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Local advocates gather in Washington D.C.

Local advocates gather in Washington D.C. for American Diabetes Association’s 2018 Call to Congress Advocacy Day

Advocates from around the country urged Congress to make diabetes a national priority; new study names diabetes most costly disease in U.S.

Special to The Sun: New Jersey advocates Alexa Mitchell, left, and Anthony Mitchell in Washington D.C. with more than 150 diabetes advocates including researchers and professional athletes for the American Diabetes Association’s 2018 Call to Congress Advocacy Day.

Press release:

On Thursday, March 22, representing the state of New Jersey, Alexa Mitchell and Anthony Mitchell met with representatives of Sens. Bob Menendez (D), Cory Booker (D), Frank Pallone (D) and Frank LoBiondo (R). Raising their voices on behalf of the more than 114 million Americans living with or at risk for diabetes, more than 150 advocates from across the country convened on Capitol Hill for the American Diabetes Association’s (ADA) 2018 Call to Congress advocacy day. The advocates, including adults and children living with type 1 and type 2 diabetes, family members and caregivers of people with diabetes, researchers, physicians and diabetes care providers participated in 179 meetings with their members of Congress and urged them to address the diabetes epidemic, now the nation’s most costly disease according the ADA’s newly released “Economics of Diabetes in the U.S. in 2017 ” (Economic Costs of Diabetes) report. In addition to people with diabetes and health care providers, advocates included 9 members of Team Tackle — an initiative to engage professional football players and members of the NFL Players Association to raise awareness of diabetes and prediabetes.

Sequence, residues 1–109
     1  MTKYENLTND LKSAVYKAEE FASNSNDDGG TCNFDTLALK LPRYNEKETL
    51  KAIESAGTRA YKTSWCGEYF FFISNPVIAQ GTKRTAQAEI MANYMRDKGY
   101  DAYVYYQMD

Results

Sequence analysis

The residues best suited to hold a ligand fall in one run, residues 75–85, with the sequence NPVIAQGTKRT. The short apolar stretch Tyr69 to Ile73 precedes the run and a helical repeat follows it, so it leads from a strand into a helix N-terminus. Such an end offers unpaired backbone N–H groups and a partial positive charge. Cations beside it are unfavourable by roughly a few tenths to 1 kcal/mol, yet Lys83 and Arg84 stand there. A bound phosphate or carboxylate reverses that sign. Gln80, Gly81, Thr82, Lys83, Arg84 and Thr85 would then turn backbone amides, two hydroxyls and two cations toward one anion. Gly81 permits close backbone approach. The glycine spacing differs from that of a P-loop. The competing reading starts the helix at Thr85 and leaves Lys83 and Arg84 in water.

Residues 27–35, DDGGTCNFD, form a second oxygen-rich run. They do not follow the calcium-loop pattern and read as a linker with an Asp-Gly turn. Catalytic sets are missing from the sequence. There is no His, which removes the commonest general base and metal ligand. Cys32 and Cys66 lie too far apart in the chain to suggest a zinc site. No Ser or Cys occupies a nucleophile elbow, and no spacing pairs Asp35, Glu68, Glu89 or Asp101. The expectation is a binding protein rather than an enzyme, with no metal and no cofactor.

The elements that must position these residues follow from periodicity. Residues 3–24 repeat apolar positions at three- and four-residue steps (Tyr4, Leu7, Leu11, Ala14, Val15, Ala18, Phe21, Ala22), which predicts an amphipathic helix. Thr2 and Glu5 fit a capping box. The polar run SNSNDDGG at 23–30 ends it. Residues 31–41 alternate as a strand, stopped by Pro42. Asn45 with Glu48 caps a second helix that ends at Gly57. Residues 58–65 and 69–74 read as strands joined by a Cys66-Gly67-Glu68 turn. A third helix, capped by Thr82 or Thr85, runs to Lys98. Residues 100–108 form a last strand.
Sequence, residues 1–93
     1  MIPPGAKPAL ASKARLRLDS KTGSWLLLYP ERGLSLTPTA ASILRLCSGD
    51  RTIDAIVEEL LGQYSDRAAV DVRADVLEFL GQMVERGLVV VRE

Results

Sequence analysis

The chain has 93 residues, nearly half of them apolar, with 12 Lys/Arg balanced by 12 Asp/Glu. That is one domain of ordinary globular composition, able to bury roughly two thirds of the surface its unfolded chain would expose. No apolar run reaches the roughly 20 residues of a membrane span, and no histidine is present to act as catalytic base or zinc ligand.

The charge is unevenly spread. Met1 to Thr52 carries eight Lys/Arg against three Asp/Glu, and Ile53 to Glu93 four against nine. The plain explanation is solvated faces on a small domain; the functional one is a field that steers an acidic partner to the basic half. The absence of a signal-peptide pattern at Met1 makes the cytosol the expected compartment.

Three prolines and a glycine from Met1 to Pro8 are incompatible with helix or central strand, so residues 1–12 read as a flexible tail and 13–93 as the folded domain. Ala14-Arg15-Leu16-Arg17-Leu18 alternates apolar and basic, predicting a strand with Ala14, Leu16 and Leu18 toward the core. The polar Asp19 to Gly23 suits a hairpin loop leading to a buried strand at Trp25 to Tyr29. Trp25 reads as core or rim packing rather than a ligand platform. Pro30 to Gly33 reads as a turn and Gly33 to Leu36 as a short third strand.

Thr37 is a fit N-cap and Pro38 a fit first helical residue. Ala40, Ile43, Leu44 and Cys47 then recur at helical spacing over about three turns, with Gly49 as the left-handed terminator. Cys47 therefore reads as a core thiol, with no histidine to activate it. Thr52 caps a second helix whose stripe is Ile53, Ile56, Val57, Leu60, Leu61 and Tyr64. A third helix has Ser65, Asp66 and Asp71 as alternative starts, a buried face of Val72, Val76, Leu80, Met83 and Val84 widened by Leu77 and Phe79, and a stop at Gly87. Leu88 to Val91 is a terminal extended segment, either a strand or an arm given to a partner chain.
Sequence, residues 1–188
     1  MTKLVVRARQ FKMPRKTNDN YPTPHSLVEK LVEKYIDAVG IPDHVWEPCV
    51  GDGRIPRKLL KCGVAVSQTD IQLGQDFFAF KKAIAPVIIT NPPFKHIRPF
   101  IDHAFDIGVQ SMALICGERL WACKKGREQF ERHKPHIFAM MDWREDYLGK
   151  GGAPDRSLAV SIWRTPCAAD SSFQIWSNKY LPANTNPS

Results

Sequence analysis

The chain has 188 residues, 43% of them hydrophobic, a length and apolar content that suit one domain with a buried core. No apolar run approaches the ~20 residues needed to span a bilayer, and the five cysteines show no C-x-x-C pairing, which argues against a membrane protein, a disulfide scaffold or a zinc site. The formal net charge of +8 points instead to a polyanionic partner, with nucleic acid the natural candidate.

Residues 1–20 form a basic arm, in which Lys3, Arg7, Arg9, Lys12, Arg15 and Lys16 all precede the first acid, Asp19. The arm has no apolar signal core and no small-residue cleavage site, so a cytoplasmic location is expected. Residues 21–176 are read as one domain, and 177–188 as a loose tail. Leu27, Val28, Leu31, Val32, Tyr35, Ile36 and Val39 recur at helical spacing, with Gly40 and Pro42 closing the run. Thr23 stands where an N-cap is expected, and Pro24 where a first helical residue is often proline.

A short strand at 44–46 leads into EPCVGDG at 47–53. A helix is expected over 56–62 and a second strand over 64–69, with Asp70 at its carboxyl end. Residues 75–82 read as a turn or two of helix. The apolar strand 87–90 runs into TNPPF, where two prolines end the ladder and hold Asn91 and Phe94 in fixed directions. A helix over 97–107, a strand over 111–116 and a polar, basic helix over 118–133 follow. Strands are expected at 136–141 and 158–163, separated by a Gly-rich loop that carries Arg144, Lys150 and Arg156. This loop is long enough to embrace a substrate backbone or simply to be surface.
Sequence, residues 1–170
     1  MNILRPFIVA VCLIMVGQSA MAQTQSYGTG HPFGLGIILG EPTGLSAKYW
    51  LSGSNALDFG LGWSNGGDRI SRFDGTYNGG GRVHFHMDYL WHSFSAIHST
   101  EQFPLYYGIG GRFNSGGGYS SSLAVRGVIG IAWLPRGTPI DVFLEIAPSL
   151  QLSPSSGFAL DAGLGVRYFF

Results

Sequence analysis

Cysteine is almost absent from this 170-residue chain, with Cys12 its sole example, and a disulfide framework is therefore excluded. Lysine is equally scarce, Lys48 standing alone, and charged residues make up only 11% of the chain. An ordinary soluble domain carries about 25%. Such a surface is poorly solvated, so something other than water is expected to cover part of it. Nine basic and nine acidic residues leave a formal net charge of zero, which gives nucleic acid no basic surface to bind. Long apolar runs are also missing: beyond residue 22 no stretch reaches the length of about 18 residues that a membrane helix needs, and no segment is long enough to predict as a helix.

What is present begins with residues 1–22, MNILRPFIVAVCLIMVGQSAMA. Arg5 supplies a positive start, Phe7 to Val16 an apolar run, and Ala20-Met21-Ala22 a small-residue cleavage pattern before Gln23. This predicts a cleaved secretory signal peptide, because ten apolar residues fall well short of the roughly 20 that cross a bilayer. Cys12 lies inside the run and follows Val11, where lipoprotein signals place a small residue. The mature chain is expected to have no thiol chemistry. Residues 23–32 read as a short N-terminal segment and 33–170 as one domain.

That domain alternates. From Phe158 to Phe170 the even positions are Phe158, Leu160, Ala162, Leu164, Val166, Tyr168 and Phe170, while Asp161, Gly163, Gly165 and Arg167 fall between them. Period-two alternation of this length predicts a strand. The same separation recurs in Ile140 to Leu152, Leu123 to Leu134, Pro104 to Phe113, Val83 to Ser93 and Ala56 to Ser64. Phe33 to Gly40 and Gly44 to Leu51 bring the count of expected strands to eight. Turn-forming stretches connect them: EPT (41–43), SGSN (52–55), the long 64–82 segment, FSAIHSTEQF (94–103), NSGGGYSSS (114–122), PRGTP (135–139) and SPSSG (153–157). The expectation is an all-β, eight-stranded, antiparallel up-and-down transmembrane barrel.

During the March 22 press conference at the Dirksen Senate Office Building on Capitol Hill, the ADA released the sobering numbers around the economic burden outlined of the diabetes epidemic and called on Congress to make diabetes a national priority and invest in critical diabetes research and programs. The report revealed that the economic costs of diagnosed diabetes increased 26 percent from 2012 to 2017, due to both the increased prevalence of the disease and the increased cost per person living with diabetes. These costs include $237 billion in direct medical costs for diagnosed diabetes and $90 billion in reduced productivity. The largest contributors to the cost to the cost of diabetes are higher use of prescription medications beyond diabetes medications (71.2 billion), higher use of hospital inpatient services ($69.7 billion), medications and supplies to directly treat diabetes including insulin ($34.6 billion) and more office visits to physicians and other health providers ($30 billion).

“Every 21 seconds another American is diagnosed with diabetes and this devastating illness continues to be a harsh economic burden on the people living with it and our nation as a whole,” said LaShawn McIver MD, MPH senior vice president of government affairs and advocacy of the American Diabetes Association. “Our Diabetes Advocates play a crucial role in telling leaders in Congress that they must act now to turn the tide on this epidemic.”

“The amount of individuals diagnosed and undiagnosed with diabetes is growing at a rapid and concerning rate,” said Alexa Mitchell, Junior Advocate for the American Diabetes Association Eastern Pennsylvania and Delaware region, and type 1 diabetic herself. “Advocacy and awareness is essential for overturning this epidemic, and bettering the state of health amongst our citizens.”